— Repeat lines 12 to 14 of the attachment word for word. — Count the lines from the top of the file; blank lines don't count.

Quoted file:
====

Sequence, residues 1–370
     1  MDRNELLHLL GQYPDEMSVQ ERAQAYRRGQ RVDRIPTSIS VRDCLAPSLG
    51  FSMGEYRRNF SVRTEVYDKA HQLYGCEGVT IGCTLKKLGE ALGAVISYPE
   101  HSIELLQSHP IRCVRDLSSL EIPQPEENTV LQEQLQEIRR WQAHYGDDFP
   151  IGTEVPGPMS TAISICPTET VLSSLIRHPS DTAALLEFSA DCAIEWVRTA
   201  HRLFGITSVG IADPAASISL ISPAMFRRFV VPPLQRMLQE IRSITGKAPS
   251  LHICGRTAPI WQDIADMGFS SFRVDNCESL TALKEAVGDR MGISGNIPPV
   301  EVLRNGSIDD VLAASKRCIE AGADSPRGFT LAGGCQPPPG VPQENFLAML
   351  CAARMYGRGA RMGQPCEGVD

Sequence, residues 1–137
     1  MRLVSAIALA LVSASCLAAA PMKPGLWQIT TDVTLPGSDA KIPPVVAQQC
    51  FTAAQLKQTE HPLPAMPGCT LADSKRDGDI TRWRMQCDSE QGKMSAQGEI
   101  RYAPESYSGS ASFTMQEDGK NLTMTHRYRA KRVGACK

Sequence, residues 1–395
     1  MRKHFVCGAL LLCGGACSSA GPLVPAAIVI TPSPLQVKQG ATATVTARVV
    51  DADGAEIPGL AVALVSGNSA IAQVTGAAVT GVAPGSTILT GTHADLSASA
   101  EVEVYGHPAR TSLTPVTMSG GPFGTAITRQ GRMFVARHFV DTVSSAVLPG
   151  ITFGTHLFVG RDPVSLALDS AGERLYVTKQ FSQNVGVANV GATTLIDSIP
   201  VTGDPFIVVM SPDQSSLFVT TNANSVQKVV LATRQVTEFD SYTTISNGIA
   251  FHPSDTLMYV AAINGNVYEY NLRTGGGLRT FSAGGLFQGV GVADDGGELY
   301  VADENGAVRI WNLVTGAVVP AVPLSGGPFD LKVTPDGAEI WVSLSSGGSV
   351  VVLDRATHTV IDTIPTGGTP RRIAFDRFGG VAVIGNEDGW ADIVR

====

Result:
    51  FTAAQLKQTE HPLPAMPGCT LADSKRDGDI TRWRMQCDSE QGKMSAQGEI
   101  RYAPESYSGS ASFTMQEDGK NLTMTHRYRA KRVGACK

Sequence, residues 1–395